In WRITE A MUST-READ, author AJ Harper, an editor and publishing strategist, helps new authors write books that matter, grow their readership, and establish their personal brand. Today, the author joins us with a letter to librarians to share how libraries can support those individuals who use the space as a place of creative freedom.
Ten o’clock. Time to punch in. Bag over my shoulder, I walk through the wooden double doors and make way up to the fourth floor. The reference librarian greets me and asks how my project is coming along. I’m early, so I can easily find a spot facing the Hudson River. I take my laptop out of my bag and start my four-hour shift.
I’m not a librarian, or a volunteer. I’m a writer.
For more than a dozen years, I considered the Nyack Public Library my “office”—so much so that, when someone needed to find me, they often checked the library first. I was a ghostwriter at the time, and mother to a young son. I needed a quiet space to write, to think, and to be inspired.
Libraries, as much as coffee shops and dusty attics, are the preferred creative space for many writers. During my “shifts” at my “office,” I often wrote next to screenwriters, novelists, professors working on articles. We like the quiet. We like access to WiFi—for research, or for procrastinating. We like not having to fight for an outlet, or for space at a table. We like being surrounded by knowledge and artistry. We like the rows, and rows, and rows of possibilities.
Librarians can play a significant role in helping authors, especially nonfiction authors, complete their manuscripts. I’ve asked reference librarians to help me find and borrow books, magazines and newsletters, audio recordings, and documentaries. They’ve helped me track down research studies, statistics, and lists.
You can support writers in your community who use your library to write by checking in on their works in progress. You could ask if they would like to do a reading in your space. You might also host an information session for writers so they can learn about all the services you offer that might benefit them.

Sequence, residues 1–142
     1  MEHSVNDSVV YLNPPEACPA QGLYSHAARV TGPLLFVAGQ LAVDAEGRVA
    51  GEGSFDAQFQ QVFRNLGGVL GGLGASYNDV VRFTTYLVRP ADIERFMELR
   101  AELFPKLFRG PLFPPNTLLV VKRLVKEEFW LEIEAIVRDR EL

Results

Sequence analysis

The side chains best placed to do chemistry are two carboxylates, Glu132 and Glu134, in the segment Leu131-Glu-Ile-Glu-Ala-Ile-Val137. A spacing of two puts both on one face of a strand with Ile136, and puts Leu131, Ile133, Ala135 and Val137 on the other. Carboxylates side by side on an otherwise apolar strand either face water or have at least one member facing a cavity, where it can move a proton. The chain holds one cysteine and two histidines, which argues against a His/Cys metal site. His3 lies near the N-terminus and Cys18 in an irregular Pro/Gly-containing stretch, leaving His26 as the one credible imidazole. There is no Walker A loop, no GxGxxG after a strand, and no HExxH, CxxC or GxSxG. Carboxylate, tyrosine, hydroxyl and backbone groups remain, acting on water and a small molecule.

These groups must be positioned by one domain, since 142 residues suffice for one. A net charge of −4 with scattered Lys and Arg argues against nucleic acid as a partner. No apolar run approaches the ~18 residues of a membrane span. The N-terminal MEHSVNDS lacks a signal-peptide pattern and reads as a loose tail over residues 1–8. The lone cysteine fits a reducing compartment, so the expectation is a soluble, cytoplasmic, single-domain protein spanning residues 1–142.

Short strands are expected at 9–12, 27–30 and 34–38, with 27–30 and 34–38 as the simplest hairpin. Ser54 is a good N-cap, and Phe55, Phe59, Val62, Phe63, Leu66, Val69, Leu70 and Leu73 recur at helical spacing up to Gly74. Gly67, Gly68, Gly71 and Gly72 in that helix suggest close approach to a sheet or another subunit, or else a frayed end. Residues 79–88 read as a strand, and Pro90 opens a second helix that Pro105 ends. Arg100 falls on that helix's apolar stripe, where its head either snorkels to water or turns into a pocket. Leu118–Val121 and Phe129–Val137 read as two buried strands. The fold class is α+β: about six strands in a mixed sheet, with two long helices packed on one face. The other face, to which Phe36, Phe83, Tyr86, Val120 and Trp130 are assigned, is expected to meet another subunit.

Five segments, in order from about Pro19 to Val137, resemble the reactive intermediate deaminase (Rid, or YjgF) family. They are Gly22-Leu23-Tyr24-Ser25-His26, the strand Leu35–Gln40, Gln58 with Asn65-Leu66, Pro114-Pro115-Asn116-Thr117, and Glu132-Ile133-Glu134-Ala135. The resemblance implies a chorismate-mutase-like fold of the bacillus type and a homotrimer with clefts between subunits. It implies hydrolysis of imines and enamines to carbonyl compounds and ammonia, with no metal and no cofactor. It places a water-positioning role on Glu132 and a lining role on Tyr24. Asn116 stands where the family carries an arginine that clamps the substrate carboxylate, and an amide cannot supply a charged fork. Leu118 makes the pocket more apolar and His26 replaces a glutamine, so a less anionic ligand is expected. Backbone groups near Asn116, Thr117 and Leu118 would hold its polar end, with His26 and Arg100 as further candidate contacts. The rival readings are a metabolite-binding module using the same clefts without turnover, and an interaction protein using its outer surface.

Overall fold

How many books were birthed in libraries? Too many to count. For me alone, upwards of fifty—almost all of them nonfiction. Books written for people who want to improve something about themselves, or their work. Some of those books fizzled out or ended up in garage sale free boxes. Some won awards; some were read by millions of readers. Many found their way onto library shelves.
After we moved to a new house and my son grew old enough to know when to let me have peace and quiet, I stopped going to the library every day. But I made a point to go back and write some of one special book in my same spot facing the Hudson River. As a ghostwriter, all the books I wrote at my library had someone else’s name on the cover. This book was my own, the first with my name on it.
In many ways, my book, Write a Must-Read: Craft a Book That Changes Lives—Including Your Own was born at the library, too. It’s the culmination of everything I learned about how to write a book that truly makes a difference in readers’ lives. And it wouldn’t exist in the world had I not spent all those years writing at my library.
Thank you, librarians, for making a space for writers like me to do the work they are called to do. To me, you are heroes.